Actual Salary vs. "Earned" Salary

To evaluate how efficient the Brewers organization has been in the past three years, we can compare what they paid each player to what the player's production would have been worth on the free agent market at that time.

For position players, this is pretty easy now that Fangraphs has player salary listed right next to player value on each page. Position player value factors in offense (wOBA) and defense (UZR), and it adjusts for position.

Pitchers are a bit more difficult. Fangraphs doesn't have them listed yet, so I used StatCorner's Pitcher WAR (based on tRA) and multiplied WAR by the following: $3.7 mil for 2006, $4.1 mil for 2007, and $4.5 mil for 2008 (which is what Fangraphs has done for position players).

The long version is in this spreadsheet on Google Docs. For the three years, I have value, salary, and difference in that version. That data does not fit in the window, so I just condensed it to the differences.

The number in the column basically amounts to the type of deal the Brewers got on a player. A positive number means the player "earned" more than they made-- which is good for the Brewers. A negative number means the player made more than they earned (Suppan and a host of 2008 relievers qualify).

It's worth noting that most players are underpaid, because they are not eligible for free agency. To truly judge the organization's shrewdness in the free agent market, we should only be looking at the players signed via free agency. But pre-arby and arby players are the best way to get cheap production, and the Brewers have utilized the young core for a lot of production at little cost.

Finally, the column on the right just adds up the first three. That's the difference, in the past three years, between the player's salary and their production. I think that might get confused for how much their performance was worth-- it's not. It's how much more their performance was worth than how much they were paid.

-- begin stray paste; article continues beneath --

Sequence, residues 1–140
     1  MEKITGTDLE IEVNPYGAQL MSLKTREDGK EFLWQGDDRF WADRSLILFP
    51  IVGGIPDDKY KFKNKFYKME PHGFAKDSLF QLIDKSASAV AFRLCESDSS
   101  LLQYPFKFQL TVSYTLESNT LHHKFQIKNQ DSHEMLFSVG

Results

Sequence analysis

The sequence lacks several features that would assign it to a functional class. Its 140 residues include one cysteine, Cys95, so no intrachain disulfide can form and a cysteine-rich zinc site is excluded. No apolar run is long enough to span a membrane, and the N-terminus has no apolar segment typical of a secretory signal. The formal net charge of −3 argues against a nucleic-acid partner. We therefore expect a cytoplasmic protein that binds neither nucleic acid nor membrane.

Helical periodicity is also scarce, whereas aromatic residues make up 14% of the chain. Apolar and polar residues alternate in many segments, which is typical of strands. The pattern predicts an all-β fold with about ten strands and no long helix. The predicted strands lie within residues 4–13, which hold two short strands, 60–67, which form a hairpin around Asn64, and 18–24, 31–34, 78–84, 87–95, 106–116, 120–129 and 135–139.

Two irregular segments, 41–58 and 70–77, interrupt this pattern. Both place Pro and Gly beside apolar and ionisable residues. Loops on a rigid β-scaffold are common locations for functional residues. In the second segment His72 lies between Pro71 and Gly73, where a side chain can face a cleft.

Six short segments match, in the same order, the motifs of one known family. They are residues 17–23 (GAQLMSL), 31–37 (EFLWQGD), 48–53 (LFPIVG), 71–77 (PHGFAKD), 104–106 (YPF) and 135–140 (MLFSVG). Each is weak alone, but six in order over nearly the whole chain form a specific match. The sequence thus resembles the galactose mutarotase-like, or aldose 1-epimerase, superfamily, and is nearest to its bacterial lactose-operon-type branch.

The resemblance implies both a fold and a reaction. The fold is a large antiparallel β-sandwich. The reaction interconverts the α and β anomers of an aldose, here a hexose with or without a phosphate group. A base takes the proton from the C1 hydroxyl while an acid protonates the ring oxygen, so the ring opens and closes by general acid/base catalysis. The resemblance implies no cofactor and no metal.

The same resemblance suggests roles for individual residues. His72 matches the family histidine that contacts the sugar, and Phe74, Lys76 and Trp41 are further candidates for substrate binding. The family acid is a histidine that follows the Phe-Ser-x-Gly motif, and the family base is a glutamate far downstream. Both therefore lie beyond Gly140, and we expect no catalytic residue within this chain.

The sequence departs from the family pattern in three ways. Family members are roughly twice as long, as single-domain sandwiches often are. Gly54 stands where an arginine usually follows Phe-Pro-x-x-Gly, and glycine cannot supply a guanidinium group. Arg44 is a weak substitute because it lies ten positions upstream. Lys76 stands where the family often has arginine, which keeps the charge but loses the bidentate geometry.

2006 Diff 2007 Diff 2008 Diff Total Difference Since 2006 w/ Brewers
Jason Kendall 3.2 4.3
Prince Fielder 3.7 20 12.6 36.3
Rickie Weeks 3.2 11.2 8.5 22.9
Bill Hall 19.1 1.8 0.8 21.7
J.J. Hardy 2.2 18.1 22.3 42.6
Ryan Braun 11.8 17.9 29.7
Mike Cameron 12 12
Corey Hart 1.3 17.9 6.7 25.9
Gabe Kapler 6.9 6.9
Craig Counsell 0.8 3.1 3.9
Russell Branyan 4.9 4.9
C.C. Sabathia 18.4 18.4
Ben Sheets 8.5 0.25 12 20.75
Yovani Gallardo 4.62 0.9 5.52
Manny Parra 6.9 6.9
Dave Bush 15.35 8.95 3.75 28.05
Jeff Suppan -0.3 -12.5 -12.8
Seth McClung 2.45 2.45
Carlos Villanueva 2.3 2.12 6.35 10.77
Eric Gagne -12.3 -12.3
Salomon Torres -.8 -.8
David Riske -7.2 -7.2
Guillermo Mota -3.6 -3.6
Brian Shouse 4.35 0.7 5.05

Couple of notes:

  • How ridiculous was Sabathia, who gave the Brewers $23 million in value in half a year for about $5 million dollars and a LaPorta?
  • Even when the metric looks upon most contracts favorably (Bill Hall didn't have negative value last year, he was slightly positive overall), Jeff Suppan winds up way below zero. The Brewers wasted $8 mil and got 1 win below replacement from Suppan. 
  • Given production relative to salary, Hardy has been the Brewers' "best deal" over the last three years. 

It's tough to draw an overall conclusion on a general manager or organization based on only this data, but it really looks like the Brewers have done an excellent job of utilitzing young, cheap talent and getting a lot of production from it. They have a tendency to overpay mediocre-- or even below replacement level-- pitching, but it appears they're getting smarter in that department now.

Once again, go check out this spreadsheet on Google Docs for the full data-- how much each player produced and made in the past three years.

This is really an interesting way of looking at player evaluation-- and it's awesome that Fangraphs has such a nice overall metric on its player pages now. Lets just hope they can get it out for pitchers soon too.

EDIT: Amended Torres's value, was -1.8, is now -.8.

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